The Martian had every opportunity to be a dull, depressing chore of a movie. Instead, it delivers a heartfelt and exciting tale of survival on the barren red planet Mars. Mark Watney (Matt Damon) is an astronaut on a manned Mars mission when a violent, fast-moving storm causes his crew to abort its mission. During the escape, he is struck by debris and disappears into the fierce storm. He is presumed dead and awakens to find his crew is long gone. He quickly has to assess the situation and has to plan for years of survival. He is alone, millions of miles from home with severely limited air, food and water, and no means of communication with Earth.
I am typically not a fan of survival movies; I didn’t like Cast Away, wasn’t a fan of 127 Hours and thought Gravity was decent, but I didn’t have any urge to ever sit through it again. My main problem with these movies is they get so dark and serious and by the halfway point you are just ready for them to either die or get rescued so you can move on with your day. The Martian is a breath of fresh air (despite Mars’ lack of oxygen) because the main character never gives up hope, even when the situation can’t get any more dire. He often smiles and cracks jokes, but is also realistic about his situation and his odds of survival.
Watney is an amazingly-written character and his survival skills are second to none. I heard the author of the novel (Andy Weir) refer to him as “MacGyver in space,” which really sums him up perfectly. From what I understand about the movie, the science is pretty accurate, but even if that wasn’t the case, it’s very believable. Some of the scenarios are far fetched, however an astronaut on a manned Mars mission would presumably be the best of the best and ridiculously intelligent, resourceful and industrious. Mark’s attitude remains tremendously positive throughout the movie, never giving in to what I imagine would be crushing loneliness and despair. Damon makes this character extremely entertaining, funny and heartfelt, allowing the viewer to become fully invested in the story. You cheer for every success and weep for every set back. This is definitely my favorite performance from Matt Damon since The Departed.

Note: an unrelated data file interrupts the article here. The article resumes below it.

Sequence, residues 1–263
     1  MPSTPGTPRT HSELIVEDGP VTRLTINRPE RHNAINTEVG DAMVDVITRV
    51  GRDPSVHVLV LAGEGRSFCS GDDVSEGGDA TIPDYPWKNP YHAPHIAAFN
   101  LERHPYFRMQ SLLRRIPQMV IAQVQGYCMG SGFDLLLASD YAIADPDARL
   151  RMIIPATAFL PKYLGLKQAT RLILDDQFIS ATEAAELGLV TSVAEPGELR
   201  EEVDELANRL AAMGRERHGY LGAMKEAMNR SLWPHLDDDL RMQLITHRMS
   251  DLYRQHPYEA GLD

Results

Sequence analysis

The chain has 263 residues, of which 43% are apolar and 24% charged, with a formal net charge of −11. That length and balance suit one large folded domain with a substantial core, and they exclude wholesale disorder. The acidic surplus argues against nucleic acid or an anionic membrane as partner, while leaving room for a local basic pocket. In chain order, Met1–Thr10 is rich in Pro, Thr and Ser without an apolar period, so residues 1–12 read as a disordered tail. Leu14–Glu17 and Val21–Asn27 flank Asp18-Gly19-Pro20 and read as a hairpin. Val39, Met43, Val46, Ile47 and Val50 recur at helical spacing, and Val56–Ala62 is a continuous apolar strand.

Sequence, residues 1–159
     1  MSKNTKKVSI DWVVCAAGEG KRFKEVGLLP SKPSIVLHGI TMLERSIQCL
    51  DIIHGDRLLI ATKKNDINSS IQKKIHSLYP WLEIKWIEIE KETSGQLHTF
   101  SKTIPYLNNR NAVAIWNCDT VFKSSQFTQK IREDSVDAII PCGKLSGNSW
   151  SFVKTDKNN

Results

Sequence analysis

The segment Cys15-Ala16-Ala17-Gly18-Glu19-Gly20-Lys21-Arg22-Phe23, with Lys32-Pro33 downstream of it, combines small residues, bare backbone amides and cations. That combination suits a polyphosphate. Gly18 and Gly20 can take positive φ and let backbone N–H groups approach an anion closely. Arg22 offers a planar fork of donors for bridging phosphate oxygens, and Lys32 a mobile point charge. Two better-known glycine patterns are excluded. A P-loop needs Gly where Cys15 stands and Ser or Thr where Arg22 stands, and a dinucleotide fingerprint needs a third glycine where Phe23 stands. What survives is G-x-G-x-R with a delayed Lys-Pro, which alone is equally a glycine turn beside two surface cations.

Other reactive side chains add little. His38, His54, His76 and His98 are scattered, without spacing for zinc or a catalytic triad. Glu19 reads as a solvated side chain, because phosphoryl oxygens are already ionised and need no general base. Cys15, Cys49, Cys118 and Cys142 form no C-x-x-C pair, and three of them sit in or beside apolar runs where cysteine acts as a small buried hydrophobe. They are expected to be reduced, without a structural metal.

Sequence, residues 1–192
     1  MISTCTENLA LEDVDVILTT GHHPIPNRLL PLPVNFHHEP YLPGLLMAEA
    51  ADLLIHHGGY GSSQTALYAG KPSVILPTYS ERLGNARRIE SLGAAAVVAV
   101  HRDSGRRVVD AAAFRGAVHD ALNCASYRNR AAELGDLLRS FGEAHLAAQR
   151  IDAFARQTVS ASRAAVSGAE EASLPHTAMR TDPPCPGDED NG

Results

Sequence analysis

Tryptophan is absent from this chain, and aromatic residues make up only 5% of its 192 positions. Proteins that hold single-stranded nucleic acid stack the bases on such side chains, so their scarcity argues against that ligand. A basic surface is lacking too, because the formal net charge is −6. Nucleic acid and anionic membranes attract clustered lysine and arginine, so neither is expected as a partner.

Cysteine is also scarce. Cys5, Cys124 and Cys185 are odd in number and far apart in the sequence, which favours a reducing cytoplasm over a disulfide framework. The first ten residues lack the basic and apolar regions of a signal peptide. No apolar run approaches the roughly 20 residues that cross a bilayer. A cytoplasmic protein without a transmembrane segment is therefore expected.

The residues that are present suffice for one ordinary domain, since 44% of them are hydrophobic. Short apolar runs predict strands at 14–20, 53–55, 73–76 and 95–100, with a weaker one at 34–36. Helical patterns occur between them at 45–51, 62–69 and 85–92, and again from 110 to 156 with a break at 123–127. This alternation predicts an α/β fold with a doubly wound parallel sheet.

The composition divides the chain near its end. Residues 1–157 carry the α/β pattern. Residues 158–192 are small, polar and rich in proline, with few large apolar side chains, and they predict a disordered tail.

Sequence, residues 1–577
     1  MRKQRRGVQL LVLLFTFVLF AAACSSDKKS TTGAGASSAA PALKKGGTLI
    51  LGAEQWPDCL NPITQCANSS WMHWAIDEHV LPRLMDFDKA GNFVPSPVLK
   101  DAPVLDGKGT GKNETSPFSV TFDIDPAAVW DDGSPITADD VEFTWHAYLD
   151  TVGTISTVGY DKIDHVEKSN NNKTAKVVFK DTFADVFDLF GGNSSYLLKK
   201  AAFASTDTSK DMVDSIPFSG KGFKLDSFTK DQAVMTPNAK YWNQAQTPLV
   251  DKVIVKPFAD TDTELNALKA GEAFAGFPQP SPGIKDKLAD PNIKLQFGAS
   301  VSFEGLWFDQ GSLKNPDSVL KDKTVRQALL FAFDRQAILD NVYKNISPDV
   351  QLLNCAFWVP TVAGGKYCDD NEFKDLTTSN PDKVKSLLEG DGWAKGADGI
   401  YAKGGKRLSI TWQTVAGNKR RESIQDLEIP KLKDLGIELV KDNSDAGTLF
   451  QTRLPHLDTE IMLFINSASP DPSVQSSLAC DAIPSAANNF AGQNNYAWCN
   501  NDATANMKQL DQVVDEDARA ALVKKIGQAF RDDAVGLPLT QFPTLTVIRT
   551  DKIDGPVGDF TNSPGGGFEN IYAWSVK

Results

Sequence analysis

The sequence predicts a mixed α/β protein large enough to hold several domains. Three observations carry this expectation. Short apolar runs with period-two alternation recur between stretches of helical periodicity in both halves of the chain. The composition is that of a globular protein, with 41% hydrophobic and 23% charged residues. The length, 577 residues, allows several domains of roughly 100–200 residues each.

The supporting cast in The Martian is out of this world. Even though Matt Damon carries most of the film, he is backed up with a NASA team, as well as the Ares 3 crew that leaves the planet during the storm. Sean Bean, Jeff Daniels, Chiwetel Ejiofor, Kristen Wiig (playing well against type) and Donald Glover make up the NASA support team. Daniels is the director of NASA and is sometimes a bastard, sometimes a hero, but always a very sympathetic character. He is deeply concerned with Watney, but he must also consider the well being and survival of NASA as a whole. The remaining crew of the Ares 3 is wonderfully played by Jessica Chastain, Michael Peña, Kate Mara, Sebastian Stan and Aksel Hennie. It feels like there is an authentic bond between these five, as if they actually experience these life changing events, love each other and each mourn the loss of their colleague and friend. Periodically stepping away from Mars to NASA and the Ares 3 keeps the pace of the movie changing so it never drags.
The cinematography of this film is absolutely breathtaking. The portrayal of the landscape of Mars is desolate and beautiful. The vast empty terrain really fosters the feeling of utter isolation and loneliness. It’s simultaneously terrifying and stunning. Mars is more than a backdrop, it is a character in this film.
As a long time fan of Ridley Scott and sci-fi movies, I highly suggest checking this one out. The film has the big blockbuster moments and is able to tell a very engaging tale of survival on a planet that is completely devoid of life. It is about never giving up in the face of seemingly insurmountable trials. There are moments when I laugh so hard it hurts and there are moments where I feel despondent over Watney’s journey. You feel his terrible loneliness and isolation, but more than that you feel his infinite hope. The Martian is an incredibly engaging story mentally and emotionally and is extremely visually striking, making it appealing to almost any moviegoer.